The Courage of One's Convictions

The Courage of One's Convictions
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Twelve of my relatives were murdered in Hitler’s concentration camps. Whenever the ugly head of Nazism rears itself, I feel morally compelled to speak out.

Why? Because Hitler’s rise to power and the murderous reign that followed was fueled, in part, by the “good German.” The “good German” went along to get along, did not speak out, and justified his actions because he felt powerless to do anything to stop Hitler’s ascent.

As I noted in a recent editorial in my local paper, The Schenectady Gazette, I refuse to be a “good German.” When I saw the torch-bearing marchers in Charlottesville, images of late 1920s Germany flashed before me.

I have always felt strongly in the near-absoluteness of the First Amendment. Speech should/must be free at almost all times. If one starts to limit it, one heads down a very slippery slope. No, one cannot cry fire in a crowded theater. Barring that limitation, though, and barring of course calls for armed violence, we must allow people on each side of every contentious issue to speak or march freely, regardless of how hateful their words or actions may be.

But we must also speak out. In the past, presidents, regardless of political affiliation, condemned hatred and calmly helped us through difficult times when a racial or religious crisis arose. Not so with this president.

In running two colleges over 24 years, I always gave someone who made a mistake a second chance. Well, almost always. For ethical or legal violations, one chance was clearly enough.

People say I should give Mr. Trump a chance. My response: “No.” He already has had far too many chances.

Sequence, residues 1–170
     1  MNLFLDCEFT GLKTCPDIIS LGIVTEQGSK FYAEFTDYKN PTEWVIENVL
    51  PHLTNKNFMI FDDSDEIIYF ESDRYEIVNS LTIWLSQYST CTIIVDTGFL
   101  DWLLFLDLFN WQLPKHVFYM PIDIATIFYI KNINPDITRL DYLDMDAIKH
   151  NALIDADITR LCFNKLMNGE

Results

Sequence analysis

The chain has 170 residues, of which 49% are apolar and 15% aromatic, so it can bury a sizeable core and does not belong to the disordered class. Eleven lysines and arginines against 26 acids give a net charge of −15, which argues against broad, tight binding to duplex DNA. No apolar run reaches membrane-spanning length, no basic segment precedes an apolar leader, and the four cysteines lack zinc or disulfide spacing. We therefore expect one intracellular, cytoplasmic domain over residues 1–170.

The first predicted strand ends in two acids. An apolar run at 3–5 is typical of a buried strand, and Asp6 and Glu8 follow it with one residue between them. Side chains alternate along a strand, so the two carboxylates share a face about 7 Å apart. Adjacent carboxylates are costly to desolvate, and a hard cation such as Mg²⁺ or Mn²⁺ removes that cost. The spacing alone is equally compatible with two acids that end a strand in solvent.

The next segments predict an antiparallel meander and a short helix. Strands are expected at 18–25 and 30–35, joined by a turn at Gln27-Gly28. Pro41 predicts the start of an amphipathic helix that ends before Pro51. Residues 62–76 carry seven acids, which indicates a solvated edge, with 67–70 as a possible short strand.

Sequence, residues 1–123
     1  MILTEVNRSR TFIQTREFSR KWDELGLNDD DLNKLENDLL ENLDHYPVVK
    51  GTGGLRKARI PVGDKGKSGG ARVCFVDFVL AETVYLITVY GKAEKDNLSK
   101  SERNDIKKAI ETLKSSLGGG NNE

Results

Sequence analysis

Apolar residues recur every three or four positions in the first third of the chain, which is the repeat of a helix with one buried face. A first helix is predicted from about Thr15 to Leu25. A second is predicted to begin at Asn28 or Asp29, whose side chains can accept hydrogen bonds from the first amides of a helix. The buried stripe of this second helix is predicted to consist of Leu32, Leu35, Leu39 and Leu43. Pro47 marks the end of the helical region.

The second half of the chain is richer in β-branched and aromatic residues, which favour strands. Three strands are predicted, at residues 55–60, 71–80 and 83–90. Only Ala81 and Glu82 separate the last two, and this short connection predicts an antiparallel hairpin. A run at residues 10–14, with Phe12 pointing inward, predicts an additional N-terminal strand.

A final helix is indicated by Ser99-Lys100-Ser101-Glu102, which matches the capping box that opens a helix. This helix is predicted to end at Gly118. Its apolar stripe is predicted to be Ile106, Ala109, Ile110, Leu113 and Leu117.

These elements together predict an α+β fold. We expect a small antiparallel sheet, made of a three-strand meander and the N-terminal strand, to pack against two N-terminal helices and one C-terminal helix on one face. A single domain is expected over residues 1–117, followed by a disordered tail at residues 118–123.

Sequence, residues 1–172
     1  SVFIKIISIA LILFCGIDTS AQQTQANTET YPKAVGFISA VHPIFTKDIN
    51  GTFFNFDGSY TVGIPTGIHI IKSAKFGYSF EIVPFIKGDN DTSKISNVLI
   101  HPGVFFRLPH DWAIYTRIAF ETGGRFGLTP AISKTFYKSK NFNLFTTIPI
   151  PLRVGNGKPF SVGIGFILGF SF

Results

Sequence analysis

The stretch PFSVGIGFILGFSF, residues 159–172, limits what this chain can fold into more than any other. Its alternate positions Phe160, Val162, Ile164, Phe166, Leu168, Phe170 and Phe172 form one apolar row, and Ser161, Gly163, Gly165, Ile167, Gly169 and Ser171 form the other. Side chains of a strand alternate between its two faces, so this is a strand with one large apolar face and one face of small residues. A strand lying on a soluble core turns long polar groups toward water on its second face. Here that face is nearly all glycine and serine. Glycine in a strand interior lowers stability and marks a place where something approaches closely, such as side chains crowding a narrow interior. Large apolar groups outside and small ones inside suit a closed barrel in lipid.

Come on, Mr. President! When torch-bearing marchers chanting “blood and soil” (the English translation of Hitler’s “Blut und Boden”) and “Jews will not replace us,” the President, who didn’t travel to Charlottesville for the memorial service for Heather Heyer but was quick to remind us he had a winery there, said there were some “fine people” in the crowd.

“Fine people”? Was the President referring to the neo-Nazi who said on camera he hoped we would soon have a president like Donald Trump, but one who was more of a racist. Added that “fine” person, he was amazed Trump allowed Jared Kushner, a Jew, to steal his daughter.

Where is the President’s outrage? For a president to be willing to be associated with racists is unfathomable. And to remain silent, hardly one of Mr. Trump’s attributes, when his son-in-law is attacked because of his religion is mind-boggling.

The president has become divider-in-chief. Should we be surprised when he was one of the architects of the birther movement?

So, where are the resignations from the President’s cabinet, especially from the Jewish members of his cabinet? Where are the Republicans willing not just to decry the actions of extremists but to name the person—the President—who has unleashed racists’ vitriol and emboldened them to shed their hoods and robes?

Will more members of the Republican Party replace profiles in cowardice with moral courage and move against the President in the House by filing articles of impeachment? Perhaps—but probably not until after the date for filing primary petitions next year passes, so they cannot be challenged by Trump acolytes.

Can we expect Section 4 of the 25th Amendment to be invoked? It gives the Vice President and a majority of the Cabinet, “or such other body as Congress may by law provide,” the right to declare the President “unable to discharge the powers and duties of his office.” We can only hope.

Elections have consequences. The Republicans won; the Democrats lost. However, those consequences should not include a President more willing to support Nazi-like elements than the Heather Heyers of this nation.

The right to speak (and march) is embedded in the First Amendment. But the right comes with the responsibility to speak against hatred and prejudice.

I wish the President would summon the moral fortitude to speak forcefully and with conviction against the forces of evil. It is, I am afraid, wishful thinking, as the Phoenix rally demonstrated.

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